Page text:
Best Buy Credit Ratings Cut to “Junk” After Buyout Bid
There have been diverse reactions to Best Buy founder Richard Schulze’s Monday bid to take the retailer private, with some analysts hailing the move as a possible game changer for the struggling company, while others remain skeptical.
But the prospect that a buyout would add significant debt has led both Fitch Ratings and Standard & Poor’s Rating Services (S&P) to downgrade their credit ratings for Richfield-based Best Buy to “junk” status.
Schulze, who owns roughly 20.1 percent of Best Buy’s shares, on Monday submitted a written proposal to the company’s board, offering to purchase the shares he does not already own for $24 to $26 per share in cash. Schulze is currently seeking permission from the board to form a buyout group and perform due diligence.
S&P said that it believes “Best Buy’s credit profile would weaken materially” in the event of a private takeover by Schulze, “because such a transaction would add substantial amounts of debt and hinder cash flow protection measures.”
The agency lowered Best Buy’s corporate credit rating one notch, from BBB- to BB+. A BB+ rating is one level below investment grade, and is often referred to as “junk.” BB ratings indicate that a company is “less vulnerable in the near-term” but face “major ongoing uncertainties to adverse business, financial, and economic conditions,” according to S&P’s website.
Best Buy’s rating also remains on “credit watch with negative implications”—an indicator that a more significant downgrade could occur. S&P first placed Best Buy’s rating on watch with negative implications in April, after the retailer reported poor fiscal 2011 earnings and announced plans to shutter 50 of its big-box stores, add 100 new smaller Best Buy Mobile stores, and cut 400 positions.
Fitch, meanwhile, said Monday that it has downgraded Best Buy’s “Issuer Default Rating” to BB+ from BBB-. In addition, the agency announced that it has placed Best Buy’s ratings on “rating watch negative”—a move that is a direct result of Schulze’s buyout proposal.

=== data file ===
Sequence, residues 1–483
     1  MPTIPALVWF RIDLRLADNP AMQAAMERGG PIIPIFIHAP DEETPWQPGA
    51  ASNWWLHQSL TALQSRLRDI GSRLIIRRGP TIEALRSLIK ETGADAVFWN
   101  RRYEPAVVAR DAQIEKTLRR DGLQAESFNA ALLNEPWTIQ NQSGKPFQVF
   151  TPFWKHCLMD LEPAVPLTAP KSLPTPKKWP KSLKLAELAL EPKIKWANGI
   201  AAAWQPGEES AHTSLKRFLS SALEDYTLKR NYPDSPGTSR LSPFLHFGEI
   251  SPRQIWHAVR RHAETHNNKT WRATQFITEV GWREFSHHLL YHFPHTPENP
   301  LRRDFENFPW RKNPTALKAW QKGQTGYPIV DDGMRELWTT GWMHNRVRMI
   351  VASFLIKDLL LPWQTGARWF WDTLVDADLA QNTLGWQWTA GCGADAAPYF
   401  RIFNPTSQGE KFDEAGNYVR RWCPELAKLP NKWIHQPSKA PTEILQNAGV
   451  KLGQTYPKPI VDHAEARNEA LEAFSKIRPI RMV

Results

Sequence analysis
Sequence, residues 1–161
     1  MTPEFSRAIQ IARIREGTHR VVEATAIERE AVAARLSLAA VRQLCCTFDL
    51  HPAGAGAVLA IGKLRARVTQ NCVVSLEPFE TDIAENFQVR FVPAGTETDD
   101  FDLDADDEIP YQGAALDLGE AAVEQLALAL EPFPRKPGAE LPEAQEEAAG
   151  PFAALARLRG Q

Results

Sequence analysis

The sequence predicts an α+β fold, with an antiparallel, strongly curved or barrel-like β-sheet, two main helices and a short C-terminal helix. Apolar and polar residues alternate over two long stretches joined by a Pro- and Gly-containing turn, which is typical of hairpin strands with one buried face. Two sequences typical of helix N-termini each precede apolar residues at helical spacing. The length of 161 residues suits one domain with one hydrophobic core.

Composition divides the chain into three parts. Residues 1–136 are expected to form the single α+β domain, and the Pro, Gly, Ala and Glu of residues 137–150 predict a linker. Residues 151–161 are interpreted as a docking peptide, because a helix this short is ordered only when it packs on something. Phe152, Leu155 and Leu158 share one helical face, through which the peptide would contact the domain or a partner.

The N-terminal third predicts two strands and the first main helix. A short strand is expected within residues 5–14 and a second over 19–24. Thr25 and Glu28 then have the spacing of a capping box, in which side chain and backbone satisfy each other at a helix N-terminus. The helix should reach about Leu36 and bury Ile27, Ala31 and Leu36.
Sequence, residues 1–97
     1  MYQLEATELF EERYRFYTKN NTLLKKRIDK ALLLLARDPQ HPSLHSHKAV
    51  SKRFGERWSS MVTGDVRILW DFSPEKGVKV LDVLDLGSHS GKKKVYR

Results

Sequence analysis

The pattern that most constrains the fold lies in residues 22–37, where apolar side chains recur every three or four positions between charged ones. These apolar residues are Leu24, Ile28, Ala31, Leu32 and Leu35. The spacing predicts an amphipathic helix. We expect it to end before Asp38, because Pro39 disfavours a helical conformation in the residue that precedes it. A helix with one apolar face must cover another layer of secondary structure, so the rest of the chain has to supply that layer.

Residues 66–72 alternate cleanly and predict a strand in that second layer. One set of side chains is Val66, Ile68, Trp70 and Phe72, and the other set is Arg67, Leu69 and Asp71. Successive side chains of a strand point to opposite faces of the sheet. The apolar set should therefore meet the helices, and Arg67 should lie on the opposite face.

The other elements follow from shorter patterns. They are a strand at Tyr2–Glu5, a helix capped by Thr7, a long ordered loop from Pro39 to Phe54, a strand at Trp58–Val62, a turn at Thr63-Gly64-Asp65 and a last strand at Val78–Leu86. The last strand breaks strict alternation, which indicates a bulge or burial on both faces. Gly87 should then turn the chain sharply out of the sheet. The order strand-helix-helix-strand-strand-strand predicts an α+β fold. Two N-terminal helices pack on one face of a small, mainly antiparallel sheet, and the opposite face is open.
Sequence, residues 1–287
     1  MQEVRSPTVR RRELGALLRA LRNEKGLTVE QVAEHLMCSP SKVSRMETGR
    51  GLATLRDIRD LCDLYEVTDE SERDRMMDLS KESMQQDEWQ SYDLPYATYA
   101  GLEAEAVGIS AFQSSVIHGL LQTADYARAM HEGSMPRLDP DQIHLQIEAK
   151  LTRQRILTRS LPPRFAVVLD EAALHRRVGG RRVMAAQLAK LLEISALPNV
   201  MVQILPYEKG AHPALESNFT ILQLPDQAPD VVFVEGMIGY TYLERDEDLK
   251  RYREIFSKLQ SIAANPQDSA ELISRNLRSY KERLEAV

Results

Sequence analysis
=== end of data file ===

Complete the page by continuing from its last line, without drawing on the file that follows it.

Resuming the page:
Fitch cited Best Buy’s decline in same-store sales and also detailed what it calls “significant competitive hurdles,” including a loss of market share to online retailers.
“Best Buy’s restructuring efforts, including accelerated store closings and a reengineering of its operations to take excess costs out of the system—as a public entity or as a private firm—will be beneficial but may be insufficient to offset the pressures facing its business,” Fitch said.
Junk bonds may have a higher likelihood of default, but they are reportedly attractive to some investors, as they can potentially pay higher yields.
Schulze’s buyout bid has been met with some positive reactions. Shares of the company’s stock closed up 13 percent at $19.99 on Monday, following Schulze’s announcement. They were trading down about 0.65 percent at $19.86 late Tuesday morning.
Lee Schafer, a Star Tribune columnist and a former Twin Cities Business contributor, reported Monday that Wall Street’s reaction to the deal signifies that the market does not anticipate a more attractive proposal than $26 per share—and suggested that Best Buy should take Schulze up on his offer.
Schulze, who formerly served as chairman of Best Buy’s board, resigned in June on the heels of a scandal involving ex-CEO Brian Dunn. Schulze has said that he is in discussions with former Best Buy executives—including former CEO Brad Anderson and former President and Chief Operating Officer Allen Lenzmeier—who have voiced interest in returning to the company if he completes a successful takeover.
Best Buy is currently Minnesota’s third-largest public company based on revenue, which totaled $50.7 billion for the fiscal year that ended in March. It has recently shuttered stores and laid off workers as it attempts to reinvent itself and to compete with online retailers like Amazon.com. In May, the company announced that its first-quarter earnings fell 25 percent, due in part to restructuring costs and a decline in same-store sales.